First the buttercups. Long & Short stitch petals, with pistil stitch stamens and a little group of tiny gold beads for a bit of spakle.
Next up, the leaves.
I know my general rule is to always start satin stitch in the middle of a shape as I showed HERE. But, as with most rules, there are exceptions and long, slender leaves (or shapes) like these are one of them. Here, I use the satin stitch diagonally across the full width of the leaf and I use the angle of the lower edge of the leaf for the direction of the stitches:
NARROW SATIN STITCH LEAVES
2. The first stitch covers the line to the point the shape of the leaf begins to curl.
I place the next stitch parallel to the first.
3. By maintaining the same stitch direction along the length of the leaf, the satin stitch will naturally fall diagonally across the shape.
4. When you get the the top, the last stitch will fall along the upper drawn line.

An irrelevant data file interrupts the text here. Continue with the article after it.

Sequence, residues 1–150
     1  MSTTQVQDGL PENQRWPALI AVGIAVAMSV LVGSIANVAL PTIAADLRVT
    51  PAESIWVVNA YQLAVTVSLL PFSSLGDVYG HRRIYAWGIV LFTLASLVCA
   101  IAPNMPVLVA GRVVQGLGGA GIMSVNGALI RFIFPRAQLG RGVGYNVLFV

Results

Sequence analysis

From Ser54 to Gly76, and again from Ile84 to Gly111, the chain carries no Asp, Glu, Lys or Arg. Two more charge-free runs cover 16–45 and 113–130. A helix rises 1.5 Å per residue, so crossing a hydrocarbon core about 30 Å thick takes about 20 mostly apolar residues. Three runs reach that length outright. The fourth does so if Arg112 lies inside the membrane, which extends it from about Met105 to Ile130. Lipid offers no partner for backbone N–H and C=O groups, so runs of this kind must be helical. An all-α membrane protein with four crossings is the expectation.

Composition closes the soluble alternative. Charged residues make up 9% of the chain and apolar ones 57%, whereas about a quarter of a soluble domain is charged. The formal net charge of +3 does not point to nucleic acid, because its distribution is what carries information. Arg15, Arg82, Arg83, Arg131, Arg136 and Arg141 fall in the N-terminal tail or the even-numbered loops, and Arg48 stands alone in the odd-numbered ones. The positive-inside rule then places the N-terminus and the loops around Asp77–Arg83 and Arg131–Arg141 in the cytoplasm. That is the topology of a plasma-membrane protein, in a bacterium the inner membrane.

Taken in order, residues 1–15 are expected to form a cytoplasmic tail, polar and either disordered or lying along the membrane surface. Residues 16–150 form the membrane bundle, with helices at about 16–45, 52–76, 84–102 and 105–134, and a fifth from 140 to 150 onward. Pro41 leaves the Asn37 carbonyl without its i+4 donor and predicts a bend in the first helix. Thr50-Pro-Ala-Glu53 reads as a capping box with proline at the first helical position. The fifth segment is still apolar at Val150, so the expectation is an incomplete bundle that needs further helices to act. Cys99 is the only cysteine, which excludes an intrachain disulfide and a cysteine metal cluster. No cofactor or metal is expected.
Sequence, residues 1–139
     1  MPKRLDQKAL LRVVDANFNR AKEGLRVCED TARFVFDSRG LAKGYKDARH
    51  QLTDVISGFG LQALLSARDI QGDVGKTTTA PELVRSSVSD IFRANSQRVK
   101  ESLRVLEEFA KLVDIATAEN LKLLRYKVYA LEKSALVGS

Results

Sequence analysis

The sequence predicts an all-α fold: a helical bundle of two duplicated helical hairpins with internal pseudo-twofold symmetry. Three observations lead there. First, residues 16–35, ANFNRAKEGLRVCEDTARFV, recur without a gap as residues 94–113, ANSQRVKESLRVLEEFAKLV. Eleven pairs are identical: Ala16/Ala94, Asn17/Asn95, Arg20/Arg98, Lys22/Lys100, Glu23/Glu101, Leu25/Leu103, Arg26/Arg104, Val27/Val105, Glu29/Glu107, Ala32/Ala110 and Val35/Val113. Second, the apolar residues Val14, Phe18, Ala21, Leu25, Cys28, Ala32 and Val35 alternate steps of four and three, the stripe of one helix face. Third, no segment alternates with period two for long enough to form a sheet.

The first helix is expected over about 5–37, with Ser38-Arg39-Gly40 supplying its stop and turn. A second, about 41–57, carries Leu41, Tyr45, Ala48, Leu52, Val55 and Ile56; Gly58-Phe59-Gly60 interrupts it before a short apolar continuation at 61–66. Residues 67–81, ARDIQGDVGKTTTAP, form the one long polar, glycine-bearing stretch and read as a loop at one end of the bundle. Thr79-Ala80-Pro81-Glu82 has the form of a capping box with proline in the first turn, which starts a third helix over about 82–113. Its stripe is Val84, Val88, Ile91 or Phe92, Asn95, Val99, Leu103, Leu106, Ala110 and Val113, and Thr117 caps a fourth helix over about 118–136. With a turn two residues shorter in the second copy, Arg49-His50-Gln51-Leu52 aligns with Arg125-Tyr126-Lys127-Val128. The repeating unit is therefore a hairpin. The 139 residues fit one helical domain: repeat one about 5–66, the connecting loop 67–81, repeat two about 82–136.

If the leaf curls a lot at the top, I will add one or more shorter stitches to finish.
The main thing is to maintain the same angle of the satin stitch all the way to the top.
I used just two shades of green for the leaves. The reflection of light on the satin stitch, make it appear as if I have used more shades and give the leaves movement.
Round and fat padded satin stitch buds and stem stitch stems, complete the foliage and this is where I finished last night...
When I stitch at night, I am always curious to see if my project looks as nice the next morning as I felt it did when I went to bed. At times I get back the next day, look at it in daylight and wonder what on earth I was thinking the night before, before I start the day 'reverse stitching'.
Not this time - I am happy. It is coming along nicely.
Now it is time for some brilliant turquoise dragonflies....